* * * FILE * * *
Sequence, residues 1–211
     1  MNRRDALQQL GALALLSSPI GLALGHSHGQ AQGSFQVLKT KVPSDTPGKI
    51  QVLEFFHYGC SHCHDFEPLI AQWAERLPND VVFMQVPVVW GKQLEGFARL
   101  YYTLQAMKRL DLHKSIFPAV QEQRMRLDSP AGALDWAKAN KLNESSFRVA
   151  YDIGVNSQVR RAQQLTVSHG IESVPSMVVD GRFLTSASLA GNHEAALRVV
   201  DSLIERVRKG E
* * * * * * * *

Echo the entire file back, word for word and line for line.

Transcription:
Sequence, residues 1–211
     1  MNRRDALQQL GALALLSSPI GLALGHSHGQ AQGSFQVLKT KVPSDTPGKI
    51  QVLEFFHYGC SHCHDFEPLI AQWAERLPND VVFMQVPVVW GKQLEGFARL
   101  YYTLQAMKRL DLHKSIFPAV QEQRMRLDSP AGALDWAKAN KLNESSFRVA
   151  YDIGVNSQVR RAQQLTVSHG IESVPSMVVD GRFLTSASLA GNHEAALRVV
   201  DSLIERVRKG E